Archaeology Education Jobs
Whether it’s the idea of holding an object that was held by another person hundreds of years ago or understanding the historical past of one’s hometown as evidenced by material remains, much of the public entertains some degree of interest in the archaeological past. Through public archaeology and archaeology education, public education and outreach coordinators are able to share archaeological findings with wider audiences.
They explain the importance of these findings to the community (local, national, ethnic, etc.), and encourage members of the public to become involved in the protection of cultural resources.
In more recent years, public archaeology and archaeology education have found an important place within the field of archaeology. After all, in order to protect cultural resources, it is essential for archaeologists to raise awareness among the public. Because raising awareness of our cultural heritage is extremely important to the field, public education and outreach coordinators can find employment across most sectors of the archaeological industry, including education, museums, cultural resource management, professional organizations, and the federal, state, and local governments.
The duties of a public education and outreach coordinator in the field of archaeology depend on where one finds employment. For example, a public education and outreach coordinator working for a cultural resource management firm might have duties that are different from an archaeological educator working for a museum. Overall, however, the objective is generally the same, and these jobs typically involve such responsibilities as:
- Developing and implementing educational programs for a variety of audiences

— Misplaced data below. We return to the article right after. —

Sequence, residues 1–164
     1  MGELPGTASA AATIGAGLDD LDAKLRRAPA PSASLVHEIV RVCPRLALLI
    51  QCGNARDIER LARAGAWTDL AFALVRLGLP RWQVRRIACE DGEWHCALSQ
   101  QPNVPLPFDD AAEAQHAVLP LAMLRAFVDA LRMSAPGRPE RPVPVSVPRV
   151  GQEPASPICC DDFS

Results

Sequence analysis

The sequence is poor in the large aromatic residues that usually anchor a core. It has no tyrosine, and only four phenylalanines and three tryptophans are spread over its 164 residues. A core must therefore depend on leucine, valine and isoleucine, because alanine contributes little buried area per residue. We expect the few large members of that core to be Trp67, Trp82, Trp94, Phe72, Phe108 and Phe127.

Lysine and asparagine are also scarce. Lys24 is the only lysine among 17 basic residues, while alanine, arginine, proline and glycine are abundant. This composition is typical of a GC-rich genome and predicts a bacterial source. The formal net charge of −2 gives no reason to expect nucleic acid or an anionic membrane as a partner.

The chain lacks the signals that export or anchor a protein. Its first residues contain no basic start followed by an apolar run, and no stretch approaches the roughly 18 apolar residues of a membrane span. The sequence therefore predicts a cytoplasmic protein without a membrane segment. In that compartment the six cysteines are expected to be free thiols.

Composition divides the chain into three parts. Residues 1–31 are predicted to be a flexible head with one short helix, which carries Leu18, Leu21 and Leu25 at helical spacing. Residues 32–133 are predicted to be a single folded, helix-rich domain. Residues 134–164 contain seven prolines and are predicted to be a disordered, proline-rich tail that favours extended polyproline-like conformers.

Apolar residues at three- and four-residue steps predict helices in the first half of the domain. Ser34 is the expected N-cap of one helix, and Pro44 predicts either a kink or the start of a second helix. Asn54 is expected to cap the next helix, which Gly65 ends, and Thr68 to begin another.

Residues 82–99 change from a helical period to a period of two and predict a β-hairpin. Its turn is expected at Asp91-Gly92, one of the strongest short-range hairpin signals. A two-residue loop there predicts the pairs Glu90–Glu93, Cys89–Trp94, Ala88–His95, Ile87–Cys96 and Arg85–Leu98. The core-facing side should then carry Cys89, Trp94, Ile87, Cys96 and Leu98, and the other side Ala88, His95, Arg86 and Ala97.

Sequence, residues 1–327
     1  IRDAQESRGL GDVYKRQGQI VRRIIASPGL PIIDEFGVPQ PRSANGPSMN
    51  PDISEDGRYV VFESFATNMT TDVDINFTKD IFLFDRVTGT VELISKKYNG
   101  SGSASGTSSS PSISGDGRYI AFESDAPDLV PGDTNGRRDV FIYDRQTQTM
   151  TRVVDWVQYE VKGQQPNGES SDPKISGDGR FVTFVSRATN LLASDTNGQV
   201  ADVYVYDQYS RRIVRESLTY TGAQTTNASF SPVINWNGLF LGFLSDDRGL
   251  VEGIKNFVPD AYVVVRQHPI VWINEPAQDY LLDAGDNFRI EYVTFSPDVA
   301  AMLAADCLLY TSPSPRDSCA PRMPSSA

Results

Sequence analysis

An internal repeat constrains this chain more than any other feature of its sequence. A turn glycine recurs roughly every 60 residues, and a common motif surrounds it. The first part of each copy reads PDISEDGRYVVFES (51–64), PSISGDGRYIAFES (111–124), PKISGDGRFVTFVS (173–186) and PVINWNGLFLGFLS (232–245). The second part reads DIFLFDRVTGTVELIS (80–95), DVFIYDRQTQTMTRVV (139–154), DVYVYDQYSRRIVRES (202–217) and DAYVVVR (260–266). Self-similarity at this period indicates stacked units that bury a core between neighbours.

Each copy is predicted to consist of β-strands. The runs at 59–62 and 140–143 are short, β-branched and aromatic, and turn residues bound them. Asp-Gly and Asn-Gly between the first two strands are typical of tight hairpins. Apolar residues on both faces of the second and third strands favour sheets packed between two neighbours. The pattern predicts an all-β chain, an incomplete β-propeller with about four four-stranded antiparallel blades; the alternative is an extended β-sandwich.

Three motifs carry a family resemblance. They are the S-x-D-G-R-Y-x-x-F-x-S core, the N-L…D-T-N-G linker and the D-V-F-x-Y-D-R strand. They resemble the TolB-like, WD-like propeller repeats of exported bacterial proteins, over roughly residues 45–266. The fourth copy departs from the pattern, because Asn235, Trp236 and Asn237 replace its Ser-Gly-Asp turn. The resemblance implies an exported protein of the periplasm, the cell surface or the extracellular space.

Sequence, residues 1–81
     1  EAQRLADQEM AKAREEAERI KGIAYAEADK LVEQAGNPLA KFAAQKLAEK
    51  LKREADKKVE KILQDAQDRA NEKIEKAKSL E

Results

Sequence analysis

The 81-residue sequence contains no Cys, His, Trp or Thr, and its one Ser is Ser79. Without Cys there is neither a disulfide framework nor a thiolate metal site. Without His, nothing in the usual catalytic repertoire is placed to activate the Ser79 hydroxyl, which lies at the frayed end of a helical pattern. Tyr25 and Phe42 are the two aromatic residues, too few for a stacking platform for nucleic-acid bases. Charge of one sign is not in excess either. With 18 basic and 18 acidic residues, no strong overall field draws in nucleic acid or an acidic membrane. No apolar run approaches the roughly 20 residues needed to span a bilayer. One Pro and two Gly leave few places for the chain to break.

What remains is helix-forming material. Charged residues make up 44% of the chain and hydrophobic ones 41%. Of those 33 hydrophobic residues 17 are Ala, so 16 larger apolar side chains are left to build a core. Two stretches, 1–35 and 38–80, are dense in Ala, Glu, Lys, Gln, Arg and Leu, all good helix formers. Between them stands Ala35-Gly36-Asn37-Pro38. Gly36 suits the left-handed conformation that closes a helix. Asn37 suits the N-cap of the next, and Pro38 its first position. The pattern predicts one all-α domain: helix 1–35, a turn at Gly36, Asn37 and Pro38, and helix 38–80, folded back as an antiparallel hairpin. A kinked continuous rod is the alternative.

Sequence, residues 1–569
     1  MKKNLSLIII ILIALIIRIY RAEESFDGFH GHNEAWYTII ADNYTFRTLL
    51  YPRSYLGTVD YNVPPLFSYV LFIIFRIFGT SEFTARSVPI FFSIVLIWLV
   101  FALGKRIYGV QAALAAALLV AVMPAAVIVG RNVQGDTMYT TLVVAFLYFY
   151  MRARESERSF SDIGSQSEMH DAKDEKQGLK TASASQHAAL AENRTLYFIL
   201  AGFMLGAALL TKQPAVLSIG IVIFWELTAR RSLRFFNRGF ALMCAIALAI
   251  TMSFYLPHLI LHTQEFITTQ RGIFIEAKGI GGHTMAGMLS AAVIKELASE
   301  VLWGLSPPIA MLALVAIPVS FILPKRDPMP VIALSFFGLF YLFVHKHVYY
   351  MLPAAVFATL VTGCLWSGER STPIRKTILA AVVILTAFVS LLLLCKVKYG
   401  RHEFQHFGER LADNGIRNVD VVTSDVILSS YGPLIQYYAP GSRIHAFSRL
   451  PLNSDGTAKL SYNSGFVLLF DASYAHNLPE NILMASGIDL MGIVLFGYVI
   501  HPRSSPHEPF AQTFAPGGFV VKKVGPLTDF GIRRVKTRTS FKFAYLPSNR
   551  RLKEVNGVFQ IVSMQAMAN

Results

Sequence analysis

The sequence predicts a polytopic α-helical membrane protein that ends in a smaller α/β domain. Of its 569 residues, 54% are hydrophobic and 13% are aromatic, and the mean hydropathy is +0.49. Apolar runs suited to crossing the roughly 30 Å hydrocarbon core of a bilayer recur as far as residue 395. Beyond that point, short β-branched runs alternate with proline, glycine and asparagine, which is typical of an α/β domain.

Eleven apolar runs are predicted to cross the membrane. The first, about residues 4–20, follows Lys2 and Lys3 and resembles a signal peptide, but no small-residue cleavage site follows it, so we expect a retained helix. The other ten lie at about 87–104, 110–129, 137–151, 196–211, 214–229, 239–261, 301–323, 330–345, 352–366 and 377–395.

- Leading tours and speaking at public events
- Writing press releases
- Creation of educational materials, such as programs and brochures
- Writing grants to secure project funding
Education and Training Requirements
Most public education and outreach coordinators have a Bachelor’s or Master’s degree in anthropology, archaeology, education, history, public history, museum studies, public relations, communications, or the advantageous combination of two or more of these disciplines. Experience with archaeological field work, lab work, and research methodologies are extremely desirable. In addition, most employers expect workers to have very strong verbal and written communication skills, and must demonstrate experience and aptitude in dealing with various public audiences.
Salary and Advancement Opportunities
Depending on experience and location, public education and outreach coordinators earn an average annual salary of $30,000 to $60,000. Since this is a relatively new career in the field of archaeology, the opportunity for advancement remains unclear. However, as this type of job continues to evolve, it seems likely that more opportunities will open up and allow greater room for movement within this type of career.
Since the discipline of archaeology is dedicated to the study and preservation of the human past, it has always entailed an intrinsically public component. In recent years, however, “public” archaeology has grown into something of a sub-discipline of the field with practitioners developing their own bodies of theories and methods for effectively reaching public audiences. Due to this development, the Society for American Archaeology contends that the field is “evolving exponentially,” and that with proper training and education, practitioners can expect regular job growth in the coming years.
The Society for American Archaeology: Archaeology for the Public
The Archaeological Institute of America: Outreach and Education
National Park Service: Public Archaeology in the United States and Interpretation for Archaeologists